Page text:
In Brief:

  • Born, Allentown, PA: October 29, 1985
  • Harvard, ’08 A.B. Chemistry
  • University of Chicago, ’13 Ph.D. Chemistry
  • Postdoctoral Researcher, MIT

I was born in Allentown, Pennsylvania to two chemical engineers who emigrated to the US from Argentina.  Home life was bilingual, active and very argumentative.  I was told at a young age that I had a future as a PA system–likely necessitated  by being the youngest child of 3.  Like many Argentines my ancestry is a mix of Italian, French Basque and Lebanese (Caram is spanishified Arabic for generous).

After high school, I attended Harvard, initially with the intention to major in international relations. Taerial-1-allentown-pahat lasted about a month before I drifted over to chemistry.  Participating in the Harvard REU, I researched with Jim Anderson studying trace atmospheric radicals, and with Vinny Manoharan studying self-assembled colloidal nanoclusters.  I also played in Harvard Band, and even had the opportunity to write and announce our halftime shows.  In that capacity I helped build the worlds largest conducting baton, setting a Guinness Book world record (which alas, has been broken twice since then).  I also played in the Harvard Jazz Bands (getting to play with legends, Benny Golson and Hank Jones) .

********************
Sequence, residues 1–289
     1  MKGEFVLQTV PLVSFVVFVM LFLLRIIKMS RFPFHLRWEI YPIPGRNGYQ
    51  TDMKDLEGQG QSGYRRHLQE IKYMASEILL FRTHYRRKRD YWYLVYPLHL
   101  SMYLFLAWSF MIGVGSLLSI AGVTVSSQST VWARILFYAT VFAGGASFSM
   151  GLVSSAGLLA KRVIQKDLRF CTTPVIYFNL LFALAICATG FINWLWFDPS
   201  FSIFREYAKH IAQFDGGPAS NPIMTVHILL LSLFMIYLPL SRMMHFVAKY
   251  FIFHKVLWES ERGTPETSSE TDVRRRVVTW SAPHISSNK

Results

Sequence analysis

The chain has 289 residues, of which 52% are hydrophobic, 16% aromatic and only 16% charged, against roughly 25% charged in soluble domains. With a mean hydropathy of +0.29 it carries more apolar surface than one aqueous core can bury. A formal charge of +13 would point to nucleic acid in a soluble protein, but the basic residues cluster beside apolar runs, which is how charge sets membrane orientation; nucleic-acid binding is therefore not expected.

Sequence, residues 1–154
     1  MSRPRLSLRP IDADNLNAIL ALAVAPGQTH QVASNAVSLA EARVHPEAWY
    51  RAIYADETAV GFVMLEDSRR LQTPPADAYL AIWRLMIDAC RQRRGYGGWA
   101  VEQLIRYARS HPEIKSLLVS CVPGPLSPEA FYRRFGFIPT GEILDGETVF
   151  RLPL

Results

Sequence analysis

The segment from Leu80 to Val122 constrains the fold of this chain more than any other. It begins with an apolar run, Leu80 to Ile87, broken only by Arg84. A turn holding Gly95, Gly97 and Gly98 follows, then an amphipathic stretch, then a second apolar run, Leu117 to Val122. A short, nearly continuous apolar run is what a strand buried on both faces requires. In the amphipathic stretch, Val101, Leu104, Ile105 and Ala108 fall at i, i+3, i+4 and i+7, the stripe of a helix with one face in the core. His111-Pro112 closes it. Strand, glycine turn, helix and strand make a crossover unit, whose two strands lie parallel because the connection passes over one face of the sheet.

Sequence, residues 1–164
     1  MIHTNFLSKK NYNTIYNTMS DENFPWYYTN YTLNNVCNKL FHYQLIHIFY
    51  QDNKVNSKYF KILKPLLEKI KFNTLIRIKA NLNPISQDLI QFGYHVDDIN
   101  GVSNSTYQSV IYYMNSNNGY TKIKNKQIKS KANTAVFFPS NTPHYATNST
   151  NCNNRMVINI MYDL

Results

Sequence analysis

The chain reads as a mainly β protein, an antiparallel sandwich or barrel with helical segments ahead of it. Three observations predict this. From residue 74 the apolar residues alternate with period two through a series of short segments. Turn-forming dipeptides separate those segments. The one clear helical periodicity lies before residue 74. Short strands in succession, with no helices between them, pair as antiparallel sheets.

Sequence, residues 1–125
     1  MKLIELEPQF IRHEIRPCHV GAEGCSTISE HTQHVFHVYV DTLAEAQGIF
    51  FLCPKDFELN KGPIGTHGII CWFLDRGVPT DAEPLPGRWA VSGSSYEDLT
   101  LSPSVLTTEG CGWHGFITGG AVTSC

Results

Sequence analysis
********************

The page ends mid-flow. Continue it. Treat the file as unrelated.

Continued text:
I went on to do my PhD at the University of Chicago with Greg Engel, studying quantum coherence, and multidimensional spectroscopy. I lived 1 block away from President Obama, until he was elected (when he moved, for obvious reasons).

After graduate school, I made my way back to Boston, where I work at MIT, bridging the chemistry and engineering departments as the Bob Silbey Center for Excitonics Postdoc.  Here I work broadly on spectroscopy of fluorescent nanomaterials, with a focus on exciton transport and system-bath interactions.

I am starting in July 2017 as an assistant professor in the department of Chemistry and Biochemistry at UCLA.